I see no non-sequitur. Joe is deferring to an overwhelming scientific consensus on a scientific issue. Perfectly reasonable. Jill is reasoning inconsistently because she is ignoring her own argument—the many studies on climate change funded by organizations who have a . Definition of Non Sequitur. A non sequitur is something said that has nothing to do with what was said previously. Non sequiturs often sound a bit absurd because there is no logical leap from one statement to the next. For this purpose, non sequiturs can be either comical or confusing, or both. The formal logical rules of a non-sequitur are pretty well explained on the wikipedia page (Non sequitur (logic) - Wikipedia), but that’s usually not what people talk about when they bring it up. They usually just mean that an argument didn’t make sense, and it’s sometimes . Definition of Non Sequitur. Non sequitur is a literary device that includes statements, sayings, and conclusions that do not follow the fundamental principles of logic and reason. They are frequently used in theater and comedies to create comedic effect. Distilled to its essence, the argument for the NEA is: Art is a Good Thing, therefore a government subsidy for it is a Good Deed. To appreciate the non sequitur, substitute “macaroni and cheese” for “art.” Holy moly! OK. I’ll limit myself to three things. #1: The argument overyields.
Wishful Thinking Non Sequitur also known as: When the conclusion does not follow from the premises. In more informal reasoning, it can be when what is presented as evidence or reason is irrelevant or adds very little support to the conclusion. Evidence is presented for claim A.
Therefore, claim C is true. People generally like to walk on the beach. Therefore, having sand floors in homes would be a great idea! As cool as the idea of sand floors might sound, the conclusion does not follow from the premises.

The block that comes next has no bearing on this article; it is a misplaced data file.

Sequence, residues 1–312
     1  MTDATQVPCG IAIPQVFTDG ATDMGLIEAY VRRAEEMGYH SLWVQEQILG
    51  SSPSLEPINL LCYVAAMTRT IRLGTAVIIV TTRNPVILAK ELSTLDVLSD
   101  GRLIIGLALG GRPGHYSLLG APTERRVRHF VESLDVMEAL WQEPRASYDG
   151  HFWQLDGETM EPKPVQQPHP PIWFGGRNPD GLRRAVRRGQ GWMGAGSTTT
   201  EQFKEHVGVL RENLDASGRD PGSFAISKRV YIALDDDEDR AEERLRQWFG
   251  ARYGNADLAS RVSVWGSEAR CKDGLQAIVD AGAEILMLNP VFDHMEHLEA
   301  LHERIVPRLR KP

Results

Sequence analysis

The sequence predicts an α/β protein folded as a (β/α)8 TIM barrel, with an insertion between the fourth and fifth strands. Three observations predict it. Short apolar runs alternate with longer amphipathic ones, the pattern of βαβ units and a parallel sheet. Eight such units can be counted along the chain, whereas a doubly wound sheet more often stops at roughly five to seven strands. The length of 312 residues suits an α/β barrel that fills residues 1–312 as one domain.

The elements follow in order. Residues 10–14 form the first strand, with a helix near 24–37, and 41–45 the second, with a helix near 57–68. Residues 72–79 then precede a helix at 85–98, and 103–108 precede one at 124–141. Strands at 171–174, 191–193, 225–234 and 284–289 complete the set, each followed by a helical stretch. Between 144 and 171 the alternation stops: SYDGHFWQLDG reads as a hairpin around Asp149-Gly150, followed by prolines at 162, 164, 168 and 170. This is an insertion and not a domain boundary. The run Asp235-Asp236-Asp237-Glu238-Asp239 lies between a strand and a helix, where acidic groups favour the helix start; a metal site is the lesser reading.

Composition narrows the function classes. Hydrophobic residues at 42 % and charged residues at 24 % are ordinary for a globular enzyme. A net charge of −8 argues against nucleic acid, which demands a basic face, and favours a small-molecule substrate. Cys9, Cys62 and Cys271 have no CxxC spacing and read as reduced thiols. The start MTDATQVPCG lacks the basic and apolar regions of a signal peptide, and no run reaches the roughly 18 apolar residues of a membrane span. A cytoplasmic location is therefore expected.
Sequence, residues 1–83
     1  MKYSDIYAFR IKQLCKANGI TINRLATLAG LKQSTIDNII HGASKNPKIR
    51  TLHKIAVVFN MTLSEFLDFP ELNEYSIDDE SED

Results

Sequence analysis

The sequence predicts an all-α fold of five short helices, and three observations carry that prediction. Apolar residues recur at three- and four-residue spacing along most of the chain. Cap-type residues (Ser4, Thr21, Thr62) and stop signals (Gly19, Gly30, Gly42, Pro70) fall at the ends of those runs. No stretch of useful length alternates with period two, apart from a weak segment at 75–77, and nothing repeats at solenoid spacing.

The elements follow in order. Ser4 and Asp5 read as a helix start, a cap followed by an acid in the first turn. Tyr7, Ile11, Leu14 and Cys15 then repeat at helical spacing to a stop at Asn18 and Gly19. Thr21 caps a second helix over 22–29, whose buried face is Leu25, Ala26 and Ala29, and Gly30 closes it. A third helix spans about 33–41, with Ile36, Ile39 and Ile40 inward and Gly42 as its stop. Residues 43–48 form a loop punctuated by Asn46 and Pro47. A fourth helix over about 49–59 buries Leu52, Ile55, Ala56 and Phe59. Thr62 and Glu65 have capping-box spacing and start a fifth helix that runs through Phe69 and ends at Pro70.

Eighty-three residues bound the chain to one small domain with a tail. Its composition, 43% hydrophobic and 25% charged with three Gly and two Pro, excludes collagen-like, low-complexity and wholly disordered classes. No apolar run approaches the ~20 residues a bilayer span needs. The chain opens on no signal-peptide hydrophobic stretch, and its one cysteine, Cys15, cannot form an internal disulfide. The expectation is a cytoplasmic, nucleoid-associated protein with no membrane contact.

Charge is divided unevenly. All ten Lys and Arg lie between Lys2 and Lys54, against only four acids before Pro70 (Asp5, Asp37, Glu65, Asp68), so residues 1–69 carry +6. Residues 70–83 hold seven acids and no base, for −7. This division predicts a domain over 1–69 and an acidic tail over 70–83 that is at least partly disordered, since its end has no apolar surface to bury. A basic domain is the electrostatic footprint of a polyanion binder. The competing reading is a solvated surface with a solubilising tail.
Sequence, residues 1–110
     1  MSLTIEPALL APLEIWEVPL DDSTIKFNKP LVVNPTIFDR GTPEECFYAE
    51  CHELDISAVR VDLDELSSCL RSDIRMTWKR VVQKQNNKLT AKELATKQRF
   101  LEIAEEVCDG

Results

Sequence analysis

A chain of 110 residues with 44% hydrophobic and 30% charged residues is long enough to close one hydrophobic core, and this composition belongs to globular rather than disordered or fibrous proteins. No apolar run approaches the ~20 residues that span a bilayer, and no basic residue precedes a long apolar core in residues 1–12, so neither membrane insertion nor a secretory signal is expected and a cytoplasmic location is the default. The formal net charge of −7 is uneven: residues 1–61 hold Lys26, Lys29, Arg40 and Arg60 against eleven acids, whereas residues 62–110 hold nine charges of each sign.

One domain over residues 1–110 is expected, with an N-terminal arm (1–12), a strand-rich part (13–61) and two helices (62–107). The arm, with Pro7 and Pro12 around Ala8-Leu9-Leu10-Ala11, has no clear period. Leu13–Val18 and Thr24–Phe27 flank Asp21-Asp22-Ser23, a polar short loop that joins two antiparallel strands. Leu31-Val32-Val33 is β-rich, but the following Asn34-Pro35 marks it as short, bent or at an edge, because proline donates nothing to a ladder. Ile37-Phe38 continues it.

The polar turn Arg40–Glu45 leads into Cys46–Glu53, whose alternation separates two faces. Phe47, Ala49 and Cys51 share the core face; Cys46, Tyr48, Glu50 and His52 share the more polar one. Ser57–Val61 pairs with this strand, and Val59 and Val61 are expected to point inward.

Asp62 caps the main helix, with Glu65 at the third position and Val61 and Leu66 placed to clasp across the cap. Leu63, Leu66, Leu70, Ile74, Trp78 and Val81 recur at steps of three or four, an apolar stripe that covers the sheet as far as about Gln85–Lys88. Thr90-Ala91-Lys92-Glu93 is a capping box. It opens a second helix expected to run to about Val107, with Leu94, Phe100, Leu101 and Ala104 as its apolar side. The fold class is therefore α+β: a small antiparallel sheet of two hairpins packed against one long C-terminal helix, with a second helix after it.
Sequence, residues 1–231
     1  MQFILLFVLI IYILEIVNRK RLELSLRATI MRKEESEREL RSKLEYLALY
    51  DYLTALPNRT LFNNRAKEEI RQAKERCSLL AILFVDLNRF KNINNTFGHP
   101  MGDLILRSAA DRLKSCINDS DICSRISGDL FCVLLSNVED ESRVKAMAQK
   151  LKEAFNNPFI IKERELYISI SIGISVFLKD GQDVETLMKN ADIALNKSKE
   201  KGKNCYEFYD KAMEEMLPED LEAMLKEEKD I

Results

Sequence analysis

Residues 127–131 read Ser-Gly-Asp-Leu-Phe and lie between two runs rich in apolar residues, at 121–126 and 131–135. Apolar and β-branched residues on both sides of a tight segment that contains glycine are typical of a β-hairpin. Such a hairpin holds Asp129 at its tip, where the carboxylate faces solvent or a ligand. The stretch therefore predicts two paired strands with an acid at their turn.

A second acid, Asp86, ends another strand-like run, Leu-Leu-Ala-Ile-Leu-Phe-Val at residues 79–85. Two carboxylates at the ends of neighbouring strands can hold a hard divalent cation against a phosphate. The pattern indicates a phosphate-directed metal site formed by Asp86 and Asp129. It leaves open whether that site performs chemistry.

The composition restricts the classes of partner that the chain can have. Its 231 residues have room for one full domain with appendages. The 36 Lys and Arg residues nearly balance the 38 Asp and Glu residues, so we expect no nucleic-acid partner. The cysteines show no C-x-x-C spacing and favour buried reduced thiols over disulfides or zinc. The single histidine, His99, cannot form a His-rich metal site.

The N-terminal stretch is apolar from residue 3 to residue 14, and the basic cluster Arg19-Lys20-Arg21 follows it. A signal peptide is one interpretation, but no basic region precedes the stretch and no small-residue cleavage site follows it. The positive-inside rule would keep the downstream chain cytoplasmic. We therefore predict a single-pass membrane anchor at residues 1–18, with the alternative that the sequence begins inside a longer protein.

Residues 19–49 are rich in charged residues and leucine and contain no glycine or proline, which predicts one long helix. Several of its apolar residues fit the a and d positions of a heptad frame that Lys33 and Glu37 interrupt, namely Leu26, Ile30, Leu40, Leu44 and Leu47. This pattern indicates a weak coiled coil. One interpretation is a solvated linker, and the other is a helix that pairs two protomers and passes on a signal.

Tag Archives: Argument by Analogy
Buddy Burger has the greatest food in town. Buddy Burger was voted 1 by the local paper. I bet Phil makes one heck of a burger, but it does not follow that he should be president. There really are no exceptions to this rule. Any good argument must have a conclusion that follows from the premises.
One of the best ways to expose non sequiturs is by constructing a valid analogy that exposes the absurdity in the argument.
There are many forms of non sequiturs including argument by scenario, where an irrelevant scenario is given in an attempt to support the conclusion. Other forms use different rhetorical devices that are irrelevant to the conclusion. False or questionable premises could be seen as errors in facts, but they can also lead to the conclusion not following, so just keep that in mind, as well. The Elements of Logic, Theoretical and Practical.
For example, two people are discussing the protests and riots in Ferguson after the shooting of Michael Brown. One person, Jon, takes the position that there were both peaceful protests and riots. The other person, Mike, believes there was only riots. Mike makes the argument that he only remembers seeing media coverage of the riots, therefore there were only arguments.
Your perception of reality is shaped by the media you consume. If you mostly consume right wing media, you'll mostly hear the protests described as riots and misrepresentations of why the black community is upset. There is no excuse for rioting.
How does Jon respond to this? Is this a non-sequitur?
Jon hasn't offered any excuses for rioting.